The first platform is Yima, a website that consumers can use to report scams. Additionally, users can use Yima to determine whether a website they want to visit is a genuine website or a proxy website. Finally, users can tell their stories and read about the stories of other victims.

The growth of social media has also become a major hotbed of fraud, with many issuing serious warnings when conducting retail business with third-party sellers (as is the case with platforms such as Facebook Marketplace). While this is a challenge, it cannot be ignored in the future as these platforms will generate $1 trillion of income over the next five years. Realizing the importance of online marketplaces, and the threat of fraud, the SAFPS has through its subsidiary company, Secure Citizen, developed the functionality for individuals to validate other sellers when performing a transaction, thereby minimising the threat of fraud.

"Secure citizen and Yima will completely change the narrative regarding fraud prevention. In addition, users will also have access to the SAFPS products, which have been offering consumers protection against fraud for some time now," says Van Schalkwyk.

Protective Registration
Protective Registration is one of the SAFPS' most essential services and is the core of its offering.

Protective Registration is a free service protecting individuals against future fraud. Consumers apply for this service, and the SAFPS alerts its members to take additional care when dealing with that individual's details. Protective Registration provides an added layer of protection and peace of mind regardless of whether the applicant's identity has been compromised.

"If a member of the public wants to become proactive in the fight against fraud, the SAFPS is there to serve them. Visit our website at www.safps.org.za. Then, click on the fraud prevention tab and protect yourself against identity theft with Protective Registration. For best results, use your smartphone to go to our website. Once you have uploaded key pieces of information, you will add another layer of protection against potential ID fraud," says Van Schalkwyk.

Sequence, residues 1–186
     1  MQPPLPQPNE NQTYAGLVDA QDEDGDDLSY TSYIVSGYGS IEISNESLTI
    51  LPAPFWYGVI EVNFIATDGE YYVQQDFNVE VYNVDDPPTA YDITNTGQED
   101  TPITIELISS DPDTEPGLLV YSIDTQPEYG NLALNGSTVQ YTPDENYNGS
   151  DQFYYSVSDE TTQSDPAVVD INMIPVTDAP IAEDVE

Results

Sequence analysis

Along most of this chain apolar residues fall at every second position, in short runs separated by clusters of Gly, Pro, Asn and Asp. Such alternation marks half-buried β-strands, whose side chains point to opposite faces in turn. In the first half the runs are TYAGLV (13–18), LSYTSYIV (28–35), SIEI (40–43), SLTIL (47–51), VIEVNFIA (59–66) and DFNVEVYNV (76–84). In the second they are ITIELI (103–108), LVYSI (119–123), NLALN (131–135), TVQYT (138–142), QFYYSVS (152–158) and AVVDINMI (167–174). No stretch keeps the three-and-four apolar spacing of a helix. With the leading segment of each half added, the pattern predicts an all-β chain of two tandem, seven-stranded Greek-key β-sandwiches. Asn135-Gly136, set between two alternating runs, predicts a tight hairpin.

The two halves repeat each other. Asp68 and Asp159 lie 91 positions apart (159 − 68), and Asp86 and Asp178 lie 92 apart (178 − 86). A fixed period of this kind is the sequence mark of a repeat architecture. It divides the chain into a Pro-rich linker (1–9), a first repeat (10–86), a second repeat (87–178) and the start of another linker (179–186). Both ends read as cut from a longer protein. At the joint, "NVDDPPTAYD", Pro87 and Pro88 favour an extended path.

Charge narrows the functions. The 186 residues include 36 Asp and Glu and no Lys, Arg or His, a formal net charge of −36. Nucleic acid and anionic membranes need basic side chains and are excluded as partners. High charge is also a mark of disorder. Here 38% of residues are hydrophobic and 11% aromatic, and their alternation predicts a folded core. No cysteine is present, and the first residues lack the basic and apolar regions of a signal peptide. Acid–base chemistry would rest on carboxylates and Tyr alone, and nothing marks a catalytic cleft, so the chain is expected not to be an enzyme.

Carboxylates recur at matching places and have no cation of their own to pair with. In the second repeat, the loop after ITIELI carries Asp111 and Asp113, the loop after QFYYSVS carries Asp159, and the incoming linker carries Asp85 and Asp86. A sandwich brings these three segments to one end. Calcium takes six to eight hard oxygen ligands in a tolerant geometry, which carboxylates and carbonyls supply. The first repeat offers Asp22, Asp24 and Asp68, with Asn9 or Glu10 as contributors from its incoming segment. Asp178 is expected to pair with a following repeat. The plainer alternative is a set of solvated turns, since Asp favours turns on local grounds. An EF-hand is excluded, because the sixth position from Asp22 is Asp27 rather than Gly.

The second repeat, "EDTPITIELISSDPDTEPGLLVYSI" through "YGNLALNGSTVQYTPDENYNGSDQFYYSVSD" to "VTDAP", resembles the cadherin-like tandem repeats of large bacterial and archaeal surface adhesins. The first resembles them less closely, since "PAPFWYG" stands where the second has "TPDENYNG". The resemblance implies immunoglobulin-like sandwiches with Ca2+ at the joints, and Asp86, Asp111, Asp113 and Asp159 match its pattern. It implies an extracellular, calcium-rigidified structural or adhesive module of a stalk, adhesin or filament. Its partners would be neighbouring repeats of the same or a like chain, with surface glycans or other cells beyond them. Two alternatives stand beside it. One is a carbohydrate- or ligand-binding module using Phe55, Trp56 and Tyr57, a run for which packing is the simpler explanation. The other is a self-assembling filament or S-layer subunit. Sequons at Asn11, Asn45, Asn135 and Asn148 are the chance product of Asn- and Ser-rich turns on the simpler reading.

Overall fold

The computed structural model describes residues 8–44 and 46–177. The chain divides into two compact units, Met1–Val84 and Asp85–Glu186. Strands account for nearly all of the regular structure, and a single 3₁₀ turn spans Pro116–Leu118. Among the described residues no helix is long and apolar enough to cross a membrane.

Victim Fraud Registration
Through Fraud Victim Registration, the SAFPS will assist applicants in preventing fraud resulting from identity theft and impersonation.

This will protect applicants from associated financial implications. In addition, the SAFPS will issue applicants with a Victim of Impersonation Letter, which they can share with future credit providers to assist in any verification processes.

Consumers are urged to visit the SAFPS website at www.safps.org.za and click Protect your Identity. It is recommended that a smartphone is used in this process and that the applicant has a copy of their ID. Alternatively, applicants can follow the manual process explained on the website.

One step at a time
While the creation of SAFPS fraud prevention platforms, as well as the existing protective services offered by the SAFPS, are significant steps in the fraud prevention narrative, Van Schalkwyk points out that consumers still need to educate themselves about fraud and the current landscape.

"Opportunistic criminals are not conducting fraud. Instead, fraud is being conducted by well-run syndicates that are up-to-date with the current tactics being used globally. As the custodian of fraud in Southern Africa, the SAFPS is committed to monitoring the fraud landscape and sharing key statistics that will help shape our tactics for preventing consumers from becoming fraud victims," says Van Schalkwyk.

Quick Polls

QUESTION

The shocking crime and motor vehicle accident statistics shared during a recent SHA presentation suggests that group personal accident and personal accident cover are a no-brainer. Do you agree?

ANSWER

Yes
No
Not sure
fanews magazine
FAnews April 2024 Get the latest issue of FAnews

This month's headlines

FAIS Ombud lashes broker for multiple compliance blunders
TCF… a regulatory misfit initiative?
The impact of NHI on medical malpractice insurance
Fixed versus variable: can you have your cake and eat it too?
The future world of work
Subscribe now